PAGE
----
Audio News for March 18th to March 24th, 2007
Welcome to the Audio News from Archaeologica! I'm Laura Kelley and these are the headlines in archaeological and historical news for March 18th to March 24th, 2007.
Balkan marsh yields remnants of ancient Illyrian ships
Our first story is from Bosnia-Herzegovina, where archaeologists have discovered the first remnants ever of the fabled ships of the ancient Illyrians. According to team leader, Snjezana (snay-JAHN-a) Vasilj (vah-SEEL-ee), the ships were discovered about 24 feet under the water of Hutovo Blato (hoo-TOE-voh BLAH-toe), a marshland in southern Herzegovina. The ships are believed to be more than 2,200 years old. The Illyrians were a pre-Roman people of the Western Balkans. Previous to this discovery, their powerful ships were known only through Greek and Roman myths and legends. No trace of their existence, or firm details about their construction, had ever been found. Vasilj believes that the Hutovo Blato marshland became their final destination after they sailed in from the Adriatic Sea that is connected with the marshland by the Neretva River. The location will be excavated further, because researchers also discovered about 80 amphorae lids and more than 30 amphora fragments, some containing a hallmark. Remains of an ancient Roman villa and an entire Roman spear were found at the same location, as well as seven graves, believed to date from the Bronze or Iron Age. Illyrians were the earliest known inhabitants of the Western Balkans, including Bosnia, long before the Roman Empire took control over the region.
Archaeologists race to beat the flood from another Nile dam
Our next story is from Sudan, where international teams are working against the clock to rescue an entire swathe of Nile Valley heritage from the rising waters of a Chinese-built dam. The Merowe dam is a controversial hydro-electric project, one of the largest in Africa, being built on the Nile's fourth cataract. Flooding of the valley for more than 100 miles will start in mere months. Archaeologists admit that an inestimable amount of information will be lost forever. But the largest archaeological rescue project since the Nubian campaign launched in the 1960s during the construction of the Aswan dam has unearthed heritage that would likely have remained untapped. According to antiquities chief Salah Ahmed, the area was completely unknown to archaeologists. It was a missing chapter in Sudan's history, and nobody was planning to go there because of the difficult logistics. Sudan's pre-Christian civilizations built more pyramids than the Egyptians but have received little attention since their ancient defeat by Egyptian Pharaoh Tuthmosis I around the 15th century BC. But for the past five years, teams of archaeologists from Britain, France, Germany, Poland, and a dozen other countries have been relentlessly searching the Nile riverbanks near Merowe, with some significant discoveries. Some of the artifacts that have been found enabled archaeologists to expand knowledge of the borders of ancient kingdoms, such as Kerma, which ruled part of Nubia between 2,500 and 1,500 BC. Also found for the first time in the fourth cataract area were the foundations of a pyramid, with Meroitic ceramics. This gives political importance to the area, because it shows someone important was buried there. Only a tiny fraction of the vast area has been excavated, however. In addition to scorching heat and accessibility problems, tension exists between the government and local communities being evicted by the dam's growing reservoir. The Manasir tribe, whose entire heartland will be submerged, has recently expelled foreign archaeologists, whom they accuse of helping put an acceptable face on the dam project. The dam's completion will mark the end of an unprecedented period of intensively cooperative archaeology, but the lake will also swallow up countless early sites and major fortresses. One more thing will haunt some archaeologists when the water covers the area: the thought that sitting under the dam's millions of tons of water and concrete may be a Sudanese Rosetta stone. However unlikely, that kind of discovery would help unlock the mystery of Meroitic, one of the world's few undeciphered scripts, which appeared in the area around 25 centuries ago. Ahmed explained that fourth cataract finds so far have made no significant contribution to understanding the Meroitic language.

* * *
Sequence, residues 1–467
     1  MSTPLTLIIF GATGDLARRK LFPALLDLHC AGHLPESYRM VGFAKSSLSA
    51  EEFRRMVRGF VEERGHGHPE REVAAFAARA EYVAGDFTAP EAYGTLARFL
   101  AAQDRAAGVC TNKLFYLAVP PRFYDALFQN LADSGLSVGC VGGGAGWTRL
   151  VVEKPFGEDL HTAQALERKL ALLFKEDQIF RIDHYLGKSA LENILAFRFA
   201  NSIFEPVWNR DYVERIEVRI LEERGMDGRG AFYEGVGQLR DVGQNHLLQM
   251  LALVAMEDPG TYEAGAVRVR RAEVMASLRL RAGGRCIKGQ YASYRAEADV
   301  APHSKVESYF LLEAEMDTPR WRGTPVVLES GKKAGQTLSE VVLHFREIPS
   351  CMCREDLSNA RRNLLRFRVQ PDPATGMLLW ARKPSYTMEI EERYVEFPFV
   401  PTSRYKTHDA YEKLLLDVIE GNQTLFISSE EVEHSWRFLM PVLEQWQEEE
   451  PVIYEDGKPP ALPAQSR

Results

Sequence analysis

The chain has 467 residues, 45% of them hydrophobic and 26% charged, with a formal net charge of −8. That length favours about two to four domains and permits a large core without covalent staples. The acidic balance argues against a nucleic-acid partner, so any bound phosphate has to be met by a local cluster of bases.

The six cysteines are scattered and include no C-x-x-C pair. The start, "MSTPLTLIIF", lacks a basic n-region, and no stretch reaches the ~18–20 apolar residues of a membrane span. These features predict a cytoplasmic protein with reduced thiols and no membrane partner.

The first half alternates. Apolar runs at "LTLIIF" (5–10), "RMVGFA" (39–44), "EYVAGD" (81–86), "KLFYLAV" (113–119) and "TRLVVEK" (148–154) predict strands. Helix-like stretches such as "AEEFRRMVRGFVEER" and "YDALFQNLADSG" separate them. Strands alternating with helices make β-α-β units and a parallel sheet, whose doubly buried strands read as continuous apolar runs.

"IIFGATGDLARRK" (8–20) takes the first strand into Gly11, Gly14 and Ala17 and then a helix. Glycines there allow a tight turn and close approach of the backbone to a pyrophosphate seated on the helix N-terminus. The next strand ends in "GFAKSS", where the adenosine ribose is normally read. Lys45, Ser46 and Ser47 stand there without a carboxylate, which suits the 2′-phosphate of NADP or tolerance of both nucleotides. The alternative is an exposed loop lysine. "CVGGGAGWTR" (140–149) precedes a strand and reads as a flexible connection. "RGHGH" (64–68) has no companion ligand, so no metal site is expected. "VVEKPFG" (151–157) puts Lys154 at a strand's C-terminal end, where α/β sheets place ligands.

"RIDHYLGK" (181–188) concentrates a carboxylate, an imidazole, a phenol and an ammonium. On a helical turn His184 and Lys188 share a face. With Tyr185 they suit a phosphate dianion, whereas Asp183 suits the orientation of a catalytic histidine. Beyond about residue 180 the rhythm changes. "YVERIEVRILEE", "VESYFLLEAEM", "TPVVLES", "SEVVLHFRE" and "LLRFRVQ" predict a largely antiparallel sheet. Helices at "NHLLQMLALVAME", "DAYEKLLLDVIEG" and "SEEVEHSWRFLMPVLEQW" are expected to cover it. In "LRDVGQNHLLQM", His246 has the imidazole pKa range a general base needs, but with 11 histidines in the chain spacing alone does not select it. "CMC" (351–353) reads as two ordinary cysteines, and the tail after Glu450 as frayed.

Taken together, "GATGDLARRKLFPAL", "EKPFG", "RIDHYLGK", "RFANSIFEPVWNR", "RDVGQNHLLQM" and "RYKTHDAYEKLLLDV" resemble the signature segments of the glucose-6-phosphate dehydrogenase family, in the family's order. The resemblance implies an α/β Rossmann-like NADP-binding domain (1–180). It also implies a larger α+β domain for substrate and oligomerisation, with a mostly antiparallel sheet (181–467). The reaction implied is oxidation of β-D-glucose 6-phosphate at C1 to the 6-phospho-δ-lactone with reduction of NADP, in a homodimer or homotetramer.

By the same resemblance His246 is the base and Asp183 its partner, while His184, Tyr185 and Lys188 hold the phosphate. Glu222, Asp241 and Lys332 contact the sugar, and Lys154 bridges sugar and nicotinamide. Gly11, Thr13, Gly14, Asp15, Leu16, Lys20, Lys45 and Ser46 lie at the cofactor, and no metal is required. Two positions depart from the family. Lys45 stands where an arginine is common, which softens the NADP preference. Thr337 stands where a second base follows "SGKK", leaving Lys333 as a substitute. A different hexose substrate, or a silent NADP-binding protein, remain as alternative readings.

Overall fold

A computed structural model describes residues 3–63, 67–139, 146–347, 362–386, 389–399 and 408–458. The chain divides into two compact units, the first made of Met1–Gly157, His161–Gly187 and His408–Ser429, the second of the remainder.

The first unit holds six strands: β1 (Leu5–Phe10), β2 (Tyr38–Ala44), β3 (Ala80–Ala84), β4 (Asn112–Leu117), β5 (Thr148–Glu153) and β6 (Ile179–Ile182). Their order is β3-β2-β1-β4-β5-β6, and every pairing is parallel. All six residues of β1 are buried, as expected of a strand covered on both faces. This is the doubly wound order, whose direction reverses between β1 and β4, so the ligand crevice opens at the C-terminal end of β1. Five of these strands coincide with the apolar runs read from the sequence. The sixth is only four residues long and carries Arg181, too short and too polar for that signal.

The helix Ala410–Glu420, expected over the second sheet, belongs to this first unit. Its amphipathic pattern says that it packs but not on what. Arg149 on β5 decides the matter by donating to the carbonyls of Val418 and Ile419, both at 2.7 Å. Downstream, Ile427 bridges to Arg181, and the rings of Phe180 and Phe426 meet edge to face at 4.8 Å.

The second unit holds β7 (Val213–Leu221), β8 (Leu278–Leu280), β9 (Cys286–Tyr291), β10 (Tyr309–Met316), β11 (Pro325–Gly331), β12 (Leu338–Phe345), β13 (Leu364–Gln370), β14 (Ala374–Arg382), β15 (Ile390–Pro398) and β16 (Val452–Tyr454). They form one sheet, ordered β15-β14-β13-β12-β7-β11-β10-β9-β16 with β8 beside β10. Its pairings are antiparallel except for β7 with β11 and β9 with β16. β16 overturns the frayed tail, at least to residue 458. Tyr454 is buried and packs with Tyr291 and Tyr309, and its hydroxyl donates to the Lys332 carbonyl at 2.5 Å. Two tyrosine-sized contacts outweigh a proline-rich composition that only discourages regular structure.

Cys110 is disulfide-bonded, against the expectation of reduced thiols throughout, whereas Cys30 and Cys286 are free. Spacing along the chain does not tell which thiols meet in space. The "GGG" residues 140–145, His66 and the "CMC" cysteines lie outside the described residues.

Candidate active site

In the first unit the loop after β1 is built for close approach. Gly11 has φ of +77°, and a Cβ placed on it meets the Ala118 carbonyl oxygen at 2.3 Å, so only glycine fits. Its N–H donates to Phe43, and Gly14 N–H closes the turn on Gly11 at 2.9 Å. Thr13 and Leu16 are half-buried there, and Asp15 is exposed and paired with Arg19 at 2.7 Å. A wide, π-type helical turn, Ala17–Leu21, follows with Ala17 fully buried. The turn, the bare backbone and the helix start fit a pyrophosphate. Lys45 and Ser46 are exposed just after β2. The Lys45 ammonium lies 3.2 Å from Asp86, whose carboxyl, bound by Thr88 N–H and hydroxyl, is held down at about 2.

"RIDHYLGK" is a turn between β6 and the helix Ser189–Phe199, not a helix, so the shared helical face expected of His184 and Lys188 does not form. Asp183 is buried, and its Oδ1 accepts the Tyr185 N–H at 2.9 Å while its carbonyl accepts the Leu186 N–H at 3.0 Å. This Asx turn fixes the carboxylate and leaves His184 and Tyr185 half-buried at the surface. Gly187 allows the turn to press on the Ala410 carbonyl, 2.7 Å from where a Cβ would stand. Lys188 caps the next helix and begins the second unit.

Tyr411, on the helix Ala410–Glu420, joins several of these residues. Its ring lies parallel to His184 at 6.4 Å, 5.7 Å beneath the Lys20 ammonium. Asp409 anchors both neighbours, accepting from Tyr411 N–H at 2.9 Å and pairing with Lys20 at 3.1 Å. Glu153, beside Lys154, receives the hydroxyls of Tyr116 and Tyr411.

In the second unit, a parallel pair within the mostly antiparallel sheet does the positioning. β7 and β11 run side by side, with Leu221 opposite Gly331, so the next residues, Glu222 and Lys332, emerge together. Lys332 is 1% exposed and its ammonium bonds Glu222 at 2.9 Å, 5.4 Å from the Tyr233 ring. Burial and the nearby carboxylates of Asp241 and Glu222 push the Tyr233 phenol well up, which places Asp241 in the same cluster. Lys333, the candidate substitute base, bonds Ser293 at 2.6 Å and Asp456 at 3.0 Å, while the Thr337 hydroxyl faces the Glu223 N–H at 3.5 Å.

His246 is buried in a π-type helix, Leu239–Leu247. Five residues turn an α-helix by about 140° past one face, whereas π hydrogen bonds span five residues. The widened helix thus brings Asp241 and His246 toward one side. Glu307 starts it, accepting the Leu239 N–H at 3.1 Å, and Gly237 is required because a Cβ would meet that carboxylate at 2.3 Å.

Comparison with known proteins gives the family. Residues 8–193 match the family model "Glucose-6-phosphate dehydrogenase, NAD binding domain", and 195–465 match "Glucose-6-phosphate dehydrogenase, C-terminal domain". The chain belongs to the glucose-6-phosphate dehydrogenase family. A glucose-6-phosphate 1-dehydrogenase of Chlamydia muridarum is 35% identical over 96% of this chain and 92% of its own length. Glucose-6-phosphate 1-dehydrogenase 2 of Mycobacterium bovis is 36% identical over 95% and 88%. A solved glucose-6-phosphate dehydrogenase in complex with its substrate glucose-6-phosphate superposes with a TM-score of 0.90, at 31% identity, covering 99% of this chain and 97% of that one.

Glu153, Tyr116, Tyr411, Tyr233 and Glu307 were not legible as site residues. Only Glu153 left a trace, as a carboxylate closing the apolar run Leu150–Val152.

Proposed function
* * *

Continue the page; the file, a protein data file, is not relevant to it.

Peruvian necropolis reveals differences in wealth and power